It is 1995 and the latest computers boast the latest computer chips or processors from the big manufacturers of such things like Intel, ARM, AMD and others.
Two decades later the millions of computers using these chips are now suddenly found to have a flaw, in fact two, named Meltdown and Spectre, rather ominous names.
What does it mean to me and you, only that some hacker has found a way to access the entire memory of a vulnerable computer, i.e. your password, log-ins and files cached by various applications you are using, and other sensitive data could be read by the hacker.
That is an awful long time, you may think, before the flaws were discovered, but when you consider the incredibly complex systems we rely on now-a-days perhaps such discoveries should not be too much of a surprise, and don’t hold your breath that these bugs are the last, I can guarantee that another bug will send the various manufacturers scrambling before too long.
Fortunately, all the operating system makers like Apple, Linux, Microsoft and Google have by now issued kernel patches to safeguard our computers. Please note that in the case of Windows, Microsoft has warned that a small number of antivirus programmes could cause so-called ‘stop errors’ or ‘blue screen errors’ which make the device unable to boot, so antivirus software also needs updating to be compatible. If you are using Windows Defender, Avast or AVG an update will already have been made available, just make sure you are up to date with all your updates.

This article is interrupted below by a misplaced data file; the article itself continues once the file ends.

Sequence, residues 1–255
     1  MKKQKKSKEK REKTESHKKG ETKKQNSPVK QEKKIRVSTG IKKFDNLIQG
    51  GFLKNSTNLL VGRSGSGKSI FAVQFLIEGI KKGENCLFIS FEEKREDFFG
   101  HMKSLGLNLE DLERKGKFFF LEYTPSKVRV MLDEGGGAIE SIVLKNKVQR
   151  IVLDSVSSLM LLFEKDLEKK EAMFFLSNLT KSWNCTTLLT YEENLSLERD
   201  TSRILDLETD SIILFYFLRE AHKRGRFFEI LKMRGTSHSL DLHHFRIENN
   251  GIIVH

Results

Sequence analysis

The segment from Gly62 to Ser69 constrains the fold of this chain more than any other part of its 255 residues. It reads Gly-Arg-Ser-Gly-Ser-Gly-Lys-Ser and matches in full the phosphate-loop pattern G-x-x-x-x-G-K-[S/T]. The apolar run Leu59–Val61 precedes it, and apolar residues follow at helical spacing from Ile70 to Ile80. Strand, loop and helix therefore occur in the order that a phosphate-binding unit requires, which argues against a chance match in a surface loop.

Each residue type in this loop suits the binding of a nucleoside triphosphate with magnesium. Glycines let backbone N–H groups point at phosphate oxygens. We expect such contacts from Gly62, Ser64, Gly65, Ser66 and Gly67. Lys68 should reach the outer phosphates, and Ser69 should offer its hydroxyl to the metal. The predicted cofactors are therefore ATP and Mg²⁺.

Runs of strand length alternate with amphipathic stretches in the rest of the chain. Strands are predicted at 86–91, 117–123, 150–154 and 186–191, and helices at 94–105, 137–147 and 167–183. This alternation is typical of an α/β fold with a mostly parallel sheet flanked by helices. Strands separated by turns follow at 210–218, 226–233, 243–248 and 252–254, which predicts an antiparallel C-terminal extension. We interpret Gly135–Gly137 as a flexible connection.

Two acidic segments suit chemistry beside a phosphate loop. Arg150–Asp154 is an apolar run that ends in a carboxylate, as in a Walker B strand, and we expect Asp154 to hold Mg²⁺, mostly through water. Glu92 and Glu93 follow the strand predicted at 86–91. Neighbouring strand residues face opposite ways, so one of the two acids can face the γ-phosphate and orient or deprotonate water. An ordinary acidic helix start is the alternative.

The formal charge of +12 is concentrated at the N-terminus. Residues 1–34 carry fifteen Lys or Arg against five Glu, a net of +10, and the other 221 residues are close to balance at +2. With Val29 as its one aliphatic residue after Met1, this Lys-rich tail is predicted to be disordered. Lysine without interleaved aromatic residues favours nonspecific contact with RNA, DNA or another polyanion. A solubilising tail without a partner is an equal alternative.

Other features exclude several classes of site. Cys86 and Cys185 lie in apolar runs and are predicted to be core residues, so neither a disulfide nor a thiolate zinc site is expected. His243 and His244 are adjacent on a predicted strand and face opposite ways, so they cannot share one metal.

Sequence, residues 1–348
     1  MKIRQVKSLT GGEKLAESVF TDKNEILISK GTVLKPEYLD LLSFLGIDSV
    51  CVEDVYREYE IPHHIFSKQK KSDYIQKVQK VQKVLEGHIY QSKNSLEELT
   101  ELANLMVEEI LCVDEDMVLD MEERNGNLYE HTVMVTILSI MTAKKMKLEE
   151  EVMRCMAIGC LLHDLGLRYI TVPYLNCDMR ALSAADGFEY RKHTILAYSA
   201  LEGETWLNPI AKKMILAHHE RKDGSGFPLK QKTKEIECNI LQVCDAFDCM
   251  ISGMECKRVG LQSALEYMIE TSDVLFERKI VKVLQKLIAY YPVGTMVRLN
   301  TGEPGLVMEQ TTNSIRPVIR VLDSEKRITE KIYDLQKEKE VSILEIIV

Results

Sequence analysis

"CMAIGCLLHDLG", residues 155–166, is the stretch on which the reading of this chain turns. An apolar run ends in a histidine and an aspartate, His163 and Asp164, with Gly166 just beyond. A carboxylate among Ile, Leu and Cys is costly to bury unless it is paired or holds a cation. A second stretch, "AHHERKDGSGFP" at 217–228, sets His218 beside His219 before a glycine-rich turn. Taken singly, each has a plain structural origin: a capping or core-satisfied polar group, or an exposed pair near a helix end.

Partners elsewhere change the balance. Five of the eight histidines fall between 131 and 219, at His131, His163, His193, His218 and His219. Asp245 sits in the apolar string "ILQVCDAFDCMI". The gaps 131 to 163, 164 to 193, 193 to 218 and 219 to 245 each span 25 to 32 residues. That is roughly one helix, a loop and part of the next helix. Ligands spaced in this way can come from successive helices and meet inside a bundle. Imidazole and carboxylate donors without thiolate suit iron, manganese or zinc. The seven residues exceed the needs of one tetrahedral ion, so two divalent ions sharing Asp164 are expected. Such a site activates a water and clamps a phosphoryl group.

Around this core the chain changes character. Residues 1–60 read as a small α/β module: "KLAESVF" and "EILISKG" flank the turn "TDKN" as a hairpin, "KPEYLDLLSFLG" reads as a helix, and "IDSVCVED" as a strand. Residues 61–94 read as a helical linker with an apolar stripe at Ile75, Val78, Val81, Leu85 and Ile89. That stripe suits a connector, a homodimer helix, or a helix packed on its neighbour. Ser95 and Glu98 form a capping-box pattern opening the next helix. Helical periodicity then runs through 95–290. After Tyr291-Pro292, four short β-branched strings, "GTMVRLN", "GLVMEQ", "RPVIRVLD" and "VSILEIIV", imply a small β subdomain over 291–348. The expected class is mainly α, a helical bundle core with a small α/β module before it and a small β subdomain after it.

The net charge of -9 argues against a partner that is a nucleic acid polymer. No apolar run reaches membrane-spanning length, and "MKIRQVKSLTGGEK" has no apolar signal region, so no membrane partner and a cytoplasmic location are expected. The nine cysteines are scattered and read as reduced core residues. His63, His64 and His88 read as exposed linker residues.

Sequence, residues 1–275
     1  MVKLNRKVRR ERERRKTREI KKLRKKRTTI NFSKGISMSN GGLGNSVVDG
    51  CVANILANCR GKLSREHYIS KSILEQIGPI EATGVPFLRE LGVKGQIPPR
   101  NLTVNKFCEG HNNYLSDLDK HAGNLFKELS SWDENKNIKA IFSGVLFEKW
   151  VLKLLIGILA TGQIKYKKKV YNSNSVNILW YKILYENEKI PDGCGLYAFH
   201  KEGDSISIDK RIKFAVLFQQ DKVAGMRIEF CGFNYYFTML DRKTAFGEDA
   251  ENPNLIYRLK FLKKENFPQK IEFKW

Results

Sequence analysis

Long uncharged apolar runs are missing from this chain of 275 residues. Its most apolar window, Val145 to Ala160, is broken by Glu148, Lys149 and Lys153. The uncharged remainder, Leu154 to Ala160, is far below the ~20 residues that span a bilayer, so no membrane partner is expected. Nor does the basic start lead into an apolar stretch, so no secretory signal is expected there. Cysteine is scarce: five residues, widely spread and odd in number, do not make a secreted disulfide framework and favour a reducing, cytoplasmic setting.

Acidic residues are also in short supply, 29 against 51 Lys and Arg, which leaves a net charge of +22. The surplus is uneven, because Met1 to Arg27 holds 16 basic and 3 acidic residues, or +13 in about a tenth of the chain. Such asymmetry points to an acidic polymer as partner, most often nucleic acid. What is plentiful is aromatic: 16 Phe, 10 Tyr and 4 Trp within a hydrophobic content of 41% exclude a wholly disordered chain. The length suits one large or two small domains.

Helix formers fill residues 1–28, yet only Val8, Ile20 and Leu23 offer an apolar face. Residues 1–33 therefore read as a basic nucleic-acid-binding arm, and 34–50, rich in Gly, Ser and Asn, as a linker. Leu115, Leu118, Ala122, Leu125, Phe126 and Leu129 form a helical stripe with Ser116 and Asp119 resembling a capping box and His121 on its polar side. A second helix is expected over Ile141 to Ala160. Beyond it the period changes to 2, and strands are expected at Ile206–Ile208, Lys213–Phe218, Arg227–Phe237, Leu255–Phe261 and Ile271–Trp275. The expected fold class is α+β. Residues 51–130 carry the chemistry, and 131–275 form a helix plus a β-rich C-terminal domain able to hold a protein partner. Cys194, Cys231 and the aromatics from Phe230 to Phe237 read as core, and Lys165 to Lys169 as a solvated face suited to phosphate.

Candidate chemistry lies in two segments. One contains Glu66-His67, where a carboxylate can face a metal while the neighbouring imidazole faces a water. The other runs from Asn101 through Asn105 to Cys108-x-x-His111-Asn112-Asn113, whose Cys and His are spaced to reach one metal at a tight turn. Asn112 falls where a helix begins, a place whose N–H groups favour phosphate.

Fixing such flaws as these and the operating systems will take programmers a long, long time, and must be a nightmare because they affect every piece of computing gear in your home, smartphones, tablets, PCs, cloud computing and other end user devices and services, especially if you already have moved into the IoT era.
On Windows PCs, Microsoft pushed an emergency patch out on Jan. 3. If you didn’t get it, go to Start > Settings > Update and Security > Windows Update. Then, click the Check now button under “Update status.” You can also just search for “Windows Update.” This works on Windows 7 and Windows 8, too.
For Apple systems, iOS 11.2, macOS 10.13.2, and tvOS 11.2 come with patches. Unlike Microsoft, Apple has yet to release patches for older versions of its operating systems.
For Android systems there were patches included with the first security patch in 2018. Unfortunately, only the newest Nexus and Pixel devices have received these so far. ChromeOS users are protected if they use version 63 due on January 23rd. This fix won’t be ported to older versions of Chrome OS. If you’re still using an older non-supported Chromebook, it may be time to finally retire it.
At this point you may wonder about your chances of being affected by these kernel flaws, and the short answer is that your chances are extremely small if your setup is up-to-date, fully updated and protected by the recommended malware and antivirus software, and as a member of SeniorNet Kapiti I feel sure that you have done all the right things to protect your systems.
The only thing left now is for you to continue to enjoy computing and have a marvellous, troublefree, 2018.